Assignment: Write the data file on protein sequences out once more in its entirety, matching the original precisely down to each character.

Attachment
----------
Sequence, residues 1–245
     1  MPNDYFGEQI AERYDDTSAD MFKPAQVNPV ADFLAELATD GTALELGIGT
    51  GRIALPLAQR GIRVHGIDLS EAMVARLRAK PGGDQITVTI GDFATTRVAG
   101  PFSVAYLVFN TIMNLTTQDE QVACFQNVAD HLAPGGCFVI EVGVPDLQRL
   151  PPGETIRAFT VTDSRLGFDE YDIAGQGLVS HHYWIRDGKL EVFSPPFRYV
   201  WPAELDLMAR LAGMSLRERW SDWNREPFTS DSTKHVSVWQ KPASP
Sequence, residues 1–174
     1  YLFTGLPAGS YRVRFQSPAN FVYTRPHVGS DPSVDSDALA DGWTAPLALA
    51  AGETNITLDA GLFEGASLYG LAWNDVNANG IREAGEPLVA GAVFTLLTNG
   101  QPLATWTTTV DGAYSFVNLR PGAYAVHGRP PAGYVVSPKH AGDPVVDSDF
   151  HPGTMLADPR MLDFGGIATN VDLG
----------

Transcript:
Sequence, residues 1–245
     1  MPNDYFGEQI AERYDDTSAD MFKPAQVNPV ADFLAELATD GTALELGIGT
    51  GRIALPLAQR GIRVHGIDLS EAMVARLRAK PGGDQITVTI GDFATTRVAG
   101  PFSVAYLVFN TIMNLTTQDE QVACFQNVAD HLAPGGCFVI EVGVPDLQRL
   151  PPGETIRAFT VTDSRLGFDE YDIAGQGLVS HHYWIRDGKL EVFSPPFRYV
   201  WPAELDLMAR LAGMSLRERW SDWNREPFTS DSTKHVSVWQ KPASP
Sequence, residues 1–174
     1  YLFTGLPAGS YRVRFQSPAN FVYTRPHVGS DPSVDSDALA DGWTAPLALA
    51  AGETNITLDA GLFEGASLYG LAWNDVNANG IREAGEPLVA GAVFTLLTNG
   101  QPLATWTTTV DGAYSFVNLR PGAYAVHGRP PAGYVVSPKH AGDPVVDSDF
   151  HPGTMLADPR MLDFGGIATN VDLG